A customer in Louisiana orders a new television from a local electronics retailer. The local retailer sends the order to its national warehouse in Washington state. The warehouse selects the television from a Japanese manufacturer’s latest shipment and schedules the package for delivery. Will the television be shipped by air? Would the retail chain’s network of trucks be well-suited to deliver this package? Or would a combination of freight transport east and barge transport down the Mississippi be the most efficient route?
Transportation & Logistics is a broad, diverse industry that deals with organizing the distribution of resources. If you are an international student who loves solving puzzles and devising equations to answer problems, you might consider studying transportation and logistics in the US.
About Transportation & Logistics in the US
As home to the world’s largest and most diverse consumer market, the United States has an enormous supply system, and its highly skilled workforce and relatively low costs draw investors from all over the world. In 2011, nearly $1.3 trillion was spent in the US transportation and logistics industry, and the industry brought in 8.5% of the country’s gross domestic product.
Resources and products are delivered through a network of transport services, including:
- Air delivery
- Freight rail
- Trucking services
A good’s most efficient pathway to consumers often involves a combination of these transportation methods. Transportation and logistics professionals analyze data to optimize delivery schedules.
Types of Jobs in Transportation & Logistics
The transportation and logistics industry is incredibly diverse and involved in a broad range of services. Among the shipping and delivery of goods, industry positions include:
- Analysts are responsible for evaluating yield data, maintaining route schedules and business costs. It is the analyst’s job to optimize efficiency within the delivery system and communicate his or her findings with other team members.
- Import/Export Coordinators
- Import/Export coordinators are responsible for overseeing the shipment of goods in and out of country. Coordinators, as well as export/import managers, ensure that shipments pass through customs and make it to the next stage of delivery; as a result, they must remain up-to-date on regulations and procedures. Importer/Exporters also manage the shipment data that analysts use to optimize delivery systems.
- Account Executives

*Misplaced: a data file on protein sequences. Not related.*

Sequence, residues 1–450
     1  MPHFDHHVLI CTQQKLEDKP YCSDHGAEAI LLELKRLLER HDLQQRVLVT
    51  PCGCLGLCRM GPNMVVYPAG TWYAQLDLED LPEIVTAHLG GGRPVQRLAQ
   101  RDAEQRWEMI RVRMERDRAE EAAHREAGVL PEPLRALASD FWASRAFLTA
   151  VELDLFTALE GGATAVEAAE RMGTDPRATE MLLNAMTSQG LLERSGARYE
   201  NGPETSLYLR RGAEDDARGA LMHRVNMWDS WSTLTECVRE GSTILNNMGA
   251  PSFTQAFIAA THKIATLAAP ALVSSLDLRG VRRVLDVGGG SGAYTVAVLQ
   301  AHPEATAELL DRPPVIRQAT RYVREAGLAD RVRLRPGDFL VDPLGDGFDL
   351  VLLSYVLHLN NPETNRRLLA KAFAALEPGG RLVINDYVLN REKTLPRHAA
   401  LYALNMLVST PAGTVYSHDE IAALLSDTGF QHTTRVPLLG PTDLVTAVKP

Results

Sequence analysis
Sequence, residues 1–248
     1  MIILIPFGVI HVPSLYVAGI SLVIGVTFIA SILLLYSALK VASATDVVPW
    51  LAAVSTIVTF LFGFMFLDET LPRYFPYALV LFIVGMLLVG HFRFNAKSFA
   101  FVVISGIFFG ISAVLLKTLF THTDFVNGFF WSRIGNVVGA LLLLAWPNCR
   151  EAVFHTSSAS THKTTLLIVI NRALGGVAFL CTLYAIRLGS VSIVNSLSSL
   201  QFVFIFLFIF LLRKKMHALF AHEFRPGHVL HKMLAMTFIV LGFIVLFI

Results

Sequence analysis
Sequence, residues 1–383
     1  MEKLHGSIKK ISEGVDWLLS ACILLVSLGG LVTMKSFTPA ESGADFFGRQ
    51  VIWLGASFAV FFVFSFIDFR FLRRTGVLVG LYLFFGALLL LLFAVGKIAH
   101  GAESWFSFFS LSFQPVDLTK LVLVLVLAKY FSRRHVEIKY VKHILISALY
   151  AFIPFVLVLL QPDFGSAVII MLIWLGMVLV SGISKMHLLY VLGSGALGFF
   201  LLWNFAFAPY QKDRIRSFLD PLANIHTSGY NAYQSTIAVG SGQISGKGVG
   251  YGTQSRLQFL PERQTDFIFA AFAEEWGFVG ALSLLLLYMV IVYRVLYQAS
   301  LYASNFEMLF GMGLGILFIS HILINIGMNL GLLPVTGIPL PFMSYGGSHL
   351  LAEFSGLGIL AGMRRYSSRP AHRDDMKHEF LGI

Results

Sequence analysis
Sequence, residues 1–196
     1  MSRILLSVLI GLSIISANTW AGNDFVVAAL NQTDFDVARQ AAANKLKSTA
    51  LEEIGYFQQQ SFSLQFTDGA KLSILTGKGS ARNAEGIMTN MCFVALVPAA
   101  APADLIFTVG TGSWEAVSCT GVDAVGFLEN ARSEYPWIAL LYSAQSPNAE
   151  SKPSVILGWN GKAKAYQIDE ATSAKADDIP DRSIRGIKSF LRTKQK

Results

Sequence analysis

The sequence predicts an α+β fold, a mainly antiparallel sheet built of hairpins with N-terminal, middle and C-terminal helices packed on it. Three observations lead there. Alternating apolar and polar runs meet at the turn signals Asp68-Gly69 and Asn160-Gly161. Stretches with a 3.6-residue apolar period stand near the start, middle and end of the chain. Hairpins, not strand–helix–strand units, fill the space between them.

- Account executives are responsible for managing sales and customer service. Account men begin, develop, and maintain relationships with clients. When something goes wrong, it is the responsibility of an account executive to coordinate with the operations side of the delivery so they can explain the problem to the client. Although a college degree is not necessary for this position, experience within the industry is usually required and companies prefer candidates with a college education. A degree in transportation and logistics would provide candidates with such knowledge and experience necessary to give them a leg up in the industry.
Jobs within the transportation and logistics industry are not limited merely to shipping and delivery. Local and regional governments also rely on transportation and logistics principles. City planners, civil engineers, and public transportation officials all use logistics to make their systems more efficiently. (Think of the chaos a public bus system could cause if routes did not take traffic patterns, route schedules, and population distributions into full consideration!) Learn more about careers in Transportation/Logistics
If you need additional funding to study transportation and logistics, explore financial resource options like scholarships and loans.
Be a Part of the Future through Transportation & Logistics
Essentially, logistics can be applied to any system with many moving parts. For an example, consider a hospital. The process of simply scheduling a surgery requires countless considerations:
- How many other surgeries are scheduled that day?
- Which rooms can accommodate such a surgery?
- What staff needs to be scheduled?
- Is the hospital stocked with the necessary supplies and when should those supplies be delivered?
- How soon can the room be used again?
Hospitals rely on logistics professionals to evaluate data and streamline their systems so that questions like these aren’t a problem. Hospitals are only one example, however. Any organization large enough to have these questions uses logistics to answer them.
As the American economy grows, more companies will need logistics professionals to organize their systems and optimize those systems’ efficiency.
International students who want to study transportation and logistics in the US will find that there are many colleges and universities that offer programs in transportation and logistics. Different jobs within the industry have different education requirements, but logistics are applicable across a broad range of professions. Find out whether a degree in logistics is right for you